"Where Fillmore County News Comes First"
Wednesday, April 23rd, 2014
Volume ∞ Issue ∞
- 10:21:04, Mar 14th 2014 - Doc - So many winners. ... [Read More]
Fri, Jun 13th, 2003
Posted in Features
Posted in Features
Friend hear the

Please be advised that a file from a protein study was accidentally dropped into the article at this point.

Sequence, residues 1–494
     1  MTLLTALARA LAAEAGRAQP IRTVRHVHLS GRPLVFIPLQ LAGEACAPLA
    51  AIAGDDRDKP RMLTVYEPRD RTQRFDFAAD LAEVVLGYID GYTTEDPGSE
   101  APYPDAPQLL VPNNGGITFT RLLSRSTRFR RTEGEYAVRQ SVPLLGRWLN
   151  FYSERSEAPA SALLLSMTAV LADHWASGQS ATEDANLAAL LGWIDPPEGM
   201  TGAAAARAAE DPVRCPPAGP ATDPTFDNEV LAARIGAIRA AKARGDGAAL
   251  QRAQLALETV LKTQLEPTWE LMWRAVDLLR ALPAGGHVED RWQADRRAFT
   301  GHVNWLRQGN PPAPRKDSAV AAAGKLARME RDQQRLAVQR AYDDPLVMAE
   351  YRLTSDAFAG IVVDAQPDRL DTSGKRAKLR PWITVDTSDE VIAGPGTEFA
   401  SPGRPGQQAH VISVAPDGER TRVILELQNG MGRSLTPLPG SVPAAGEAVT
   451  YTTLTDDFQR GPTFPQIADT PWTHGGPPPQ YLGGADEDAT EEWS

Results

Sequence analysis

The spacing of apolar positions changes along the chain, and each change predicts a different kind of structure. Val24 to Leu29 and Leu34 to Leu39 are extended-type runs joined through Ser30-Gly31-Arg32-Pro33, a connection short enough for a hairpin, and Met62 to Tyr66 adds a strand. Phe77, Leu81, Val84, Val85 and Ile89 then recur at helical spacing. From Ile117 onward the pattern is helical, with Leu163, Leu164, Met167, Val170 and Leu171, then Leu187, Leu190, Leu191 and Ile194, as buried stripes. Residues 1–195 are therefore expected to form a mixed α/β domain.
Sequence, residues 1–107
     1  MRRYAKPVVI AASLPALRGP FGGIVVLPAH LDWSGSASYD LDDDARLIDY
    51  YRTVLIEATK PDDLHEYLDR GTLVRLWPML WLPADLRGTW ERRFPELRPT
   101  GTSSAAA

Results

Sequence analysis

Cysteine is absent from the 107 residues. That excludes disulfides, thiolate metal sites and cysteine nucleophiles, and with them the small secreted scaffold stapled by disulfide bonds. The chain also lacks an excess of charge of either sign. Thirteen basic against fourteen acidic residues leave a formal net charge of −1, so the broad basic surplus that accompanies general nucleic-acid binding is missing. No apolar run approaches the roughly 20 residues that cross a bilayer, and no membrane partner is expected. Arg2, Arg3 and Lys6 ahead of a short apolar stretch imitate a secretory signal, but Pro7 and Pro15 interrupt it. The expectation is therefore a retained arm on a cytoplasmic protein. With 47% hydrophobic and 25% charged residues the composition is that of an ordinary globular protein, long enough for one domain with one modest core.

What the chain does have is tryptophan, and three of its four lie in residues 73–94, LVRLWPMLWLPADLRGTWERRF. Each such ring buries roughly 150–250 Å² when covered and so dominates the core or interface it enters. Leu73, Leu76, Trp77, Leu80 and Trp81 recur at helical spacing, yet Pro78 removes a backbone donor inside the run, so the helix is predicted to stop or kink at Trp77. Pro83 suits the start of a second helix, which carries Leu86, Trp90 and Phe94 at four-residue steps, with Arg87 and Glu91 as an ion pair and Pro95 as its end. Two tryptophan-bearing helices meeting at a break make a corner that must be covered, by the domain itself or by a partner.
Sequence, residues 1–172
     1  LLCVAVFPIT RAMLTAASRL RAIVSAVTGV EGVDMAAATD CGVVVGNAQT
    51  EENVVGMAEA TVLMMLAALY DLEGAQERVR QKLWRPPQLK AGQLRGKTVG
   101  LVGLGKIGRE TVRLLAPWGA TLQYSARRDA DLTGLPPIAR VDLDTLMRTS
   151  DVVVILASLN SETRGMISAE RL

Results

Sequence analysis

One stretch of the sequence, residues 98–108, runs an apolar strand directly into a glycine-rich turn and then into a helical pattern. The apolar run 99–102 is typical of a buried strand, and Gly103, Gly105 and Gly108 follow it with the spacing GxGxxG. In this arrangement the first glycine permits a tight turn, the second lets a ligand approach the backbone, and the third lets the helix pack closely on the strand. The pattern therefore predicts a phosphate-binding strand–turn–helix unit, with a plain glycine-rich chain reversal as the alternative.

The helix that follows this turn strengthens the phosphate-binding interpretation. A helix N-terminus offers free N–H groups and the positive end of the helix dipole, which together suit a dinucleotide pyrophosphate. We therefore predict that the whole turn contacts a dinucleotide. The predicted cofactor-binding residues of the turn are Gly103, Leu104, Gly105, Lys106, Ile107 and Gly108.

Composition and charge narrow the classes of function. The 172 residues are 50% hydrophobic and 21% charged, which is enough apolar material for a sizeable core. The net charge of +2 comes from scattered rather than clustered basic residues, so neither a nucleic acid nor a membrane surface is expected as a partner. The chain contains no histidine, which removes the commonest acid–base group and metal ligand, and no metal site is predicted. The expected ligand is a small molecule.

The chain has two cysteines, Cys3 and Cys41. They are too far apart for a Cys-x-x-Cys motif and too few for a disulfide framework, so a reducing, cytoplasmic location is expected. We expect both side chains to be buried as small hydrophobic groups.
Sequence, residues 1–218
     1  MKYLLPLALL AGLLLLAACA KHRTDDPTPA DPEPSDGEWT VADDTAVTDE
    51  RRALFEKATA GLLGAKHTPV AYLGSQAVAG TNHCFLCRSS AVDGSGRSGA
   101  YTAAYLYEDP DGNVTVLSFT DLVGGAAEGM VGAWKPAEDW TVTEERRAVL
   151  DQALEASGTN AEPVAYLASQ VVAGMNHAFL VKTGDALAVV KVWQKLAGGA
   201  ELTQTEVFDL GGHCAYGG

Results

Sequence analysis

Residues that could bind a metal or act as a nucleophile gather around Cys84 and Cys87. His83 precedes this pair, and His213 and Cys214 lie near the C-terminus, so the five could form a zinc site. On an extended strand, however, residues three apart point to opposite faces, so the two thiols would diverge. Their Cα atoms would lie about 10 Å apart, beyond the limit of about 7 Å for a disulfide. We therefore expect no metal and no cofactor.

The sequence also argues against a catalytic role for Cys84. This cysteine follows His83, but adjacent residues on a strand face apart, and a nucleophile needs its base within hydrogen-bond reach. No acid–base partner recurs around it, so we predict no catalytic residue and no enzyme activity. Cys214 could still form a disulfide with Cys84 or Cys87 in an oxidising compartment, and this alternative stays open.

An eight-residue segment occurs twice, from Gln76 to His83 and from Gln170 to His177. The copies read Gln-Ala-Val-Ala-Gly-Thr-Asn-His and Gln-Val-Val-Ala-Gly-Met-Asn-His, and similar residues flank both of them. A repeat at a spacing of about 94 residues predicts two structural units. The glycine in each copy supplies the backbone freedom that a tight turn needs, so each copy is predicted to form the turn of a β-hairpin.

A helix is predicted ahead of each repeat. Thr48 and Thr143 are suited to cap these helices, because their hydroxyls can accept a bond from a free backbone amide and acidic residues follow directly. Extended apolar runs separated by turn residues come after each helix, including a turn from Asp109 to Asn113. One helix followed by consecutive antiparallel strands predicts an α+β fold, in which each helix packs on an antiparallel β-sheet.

words my wandering thoughts would say. I’ve found the grandest place in all the U.S.A.– Rushford, Minn (an antique plaque in Richard and Holly Holle’s new "meeting room") You can look at an old commercial building on any main street as a piece of history just waiting to be restored, or you can think of the movie called "The Money Pit." Richard and Holly Holle of Rushford take the first, more optimistic view and are thrilled to be currently restoring the old "Boyum Building" on Jessie Street. That’s not to say that some comparisons to "The Money Pit" wouldn’t be appropriate. The building was not in good shape. The Holles had to start with completely updating the plumbing and electrical systems. The building’s east wall was literally crumbling and had to be totally replaced. Some of the wooden floors were salvageable, but most were not. Still, there have been many unexpected rewards. Like the perfectly preserved 1914 newspapers found under some linoleum. Or the large American flag with forty-eight stars. And there are other intangible rewards for restoring the community’s oldest commercial building, built in 1858. City manager Larry Bartelson says the community feels immense "gratitude to the Holles for the time, effort and resources invested to save part of our history." "To have a building that was actually used for business in the 1850's is important to our history, and our identity," Bartelson continues. City Councilman Norris Kinneberg agrees that a project like restoring the Boyum Building will be "appreciated by generations to come." Kinneberg never expected anyone to be willing to restore the building, but says he knew "if anybody could do it, Richard and Holly could." Richard Holle was born in Rushford ("Brooklyn") and was on the first high school golf team ("a bunch of us baseball players talked the coach into it"). His father died before Richard was two years old, but Holle says the one thing he remembers learning about his Norwegian ancestors was that "they worked hard." As he went out to "make his way in the world", as he puts it, he ascribed to the hard work ideal. "Making his way in the world" seems a bit modest for a guy with advanced degrees in biology, who has also studied psychology, space chemistry, has received a grant from the National Science Foundation, worked for the National Security Agency, and speaks fluent Chinese. You have to drag those facts out of him. But he’ll readily admit that his passion is thoroughbred race horses. He trains them, but doesn’t race them himself. "I’m too big," he says. Holle reconnected with Rushford about ten years ago when he bought the Tagland building sight unseen, where his grandfather once had a grocery store. From 1993 to 1995 he and Holly worked to restore that building which now houses the Tri-County Record, with a spacious apartment on the upper floor. The Holles stayed in the apartment each summer when they visited Rushford from their home in California. But soon visiting wasn’t enough. "It was like living at a resort," Holle says of his home at Bear Creek Country Club in California. "It wasn’t home." His wife adds that she missed being able to plant things, or mow her own lawn. "And you never saw anyone you knew," she says, contrasting that with life in Rushford where you can get to the grocery store in "two minutes, but you’d better allow an extra half hour to talk to people." Richard especially hated the freeway out west, where "everybody is rushing at eighty-five-miles-per-hour–to nowhere." Last year they decided to make Rushford home, and purchased a house on Stevens Avenue that was being used for apartments. They’ve learned that the building was once Rushford’s first school. More significant to Holle is that the large stone house was a nursing home forty years ago and his grandfather, Albert J. Holle, spent his final days there. The Holles have donated office space to the Chamber of Commerce on the main floor of the Boyum Building. The rest of the space will be used for the new Rushford Center for the Arts, where local artists can display their work. Holle was interested in developing the art center because it is something that "enriches the town," and also, to the rest of the world, an art center "shows the values of the people and the community." Their friend Creighton Horihan of Rushford Floor Covering agrees that artists are one of the areas greatest "untapped resources." The real interest in art probably comes from Holly Holle, a former art major, who has observed that "Rushford has a great number of local artists with no place to display." Incidently, if you’re curious about the homonyms that make up her unique name, "Holly" is not her real first name. It is the somewhat obscure, Irish, "Moonyeen", which was difficult for people. "Everyone just started calling me Holly, so I go by Holly." So you could pronounce her name "Holly Holly", which is what most of the world says. But if you want the true Norwegian pronunciation of her last name, it should sound like "holy." Letitia Kopperud of Norman’s Electric met the Holles about ten years ago when they worked together to support the "famous Rushford flower baskets" that continue to line the city streets today. "I’ll tell you a story that shows what kind of generous person she (Holly) is," Kopperud says. At the time that they met, Holly mentioned to Letitia that she liked to "draw and paint a little." "What do you draw?" Letitia asked. "Oh, just fruits and vegetables." Somewhere in the conversation Kopperud mentioned that she really liked beets. A short time after the Holles returned home that year, a package arrived for Kopperud from California: a beautiful colored pencil drawing of beets (by Holly) that hangs in the Kopperud kitchen. Beneath his warm, optimistic exterior, Richard Holle admits that he has a concern for Rushford. He remembers a time when quiet, neighboring burgs like Hart, Choice, Arendahl, Pilot Mound, and Bratsberg were bustling centers of commerce. He would like to help "head off that decline" in Rushford. "We can’t wait until Rome is burning to do something," he says. The Holles have no definite plans for after the Boyum Building is finished. But he tosses out the idea that a medical lab of some sort in Rushford’s industrial park would sure benefit the community. "You see," he adds, "we’re both biologists," as if this lab idea needs some justification. Holle seems a bit shy when asked why he’s continued to give so much to this community over the years, in the forms of scholarships, the flower baskets, the Chamber of Commerce office, and more. Finally he sums it up this way: "Life is always exciting. I’d like to help keep it that way."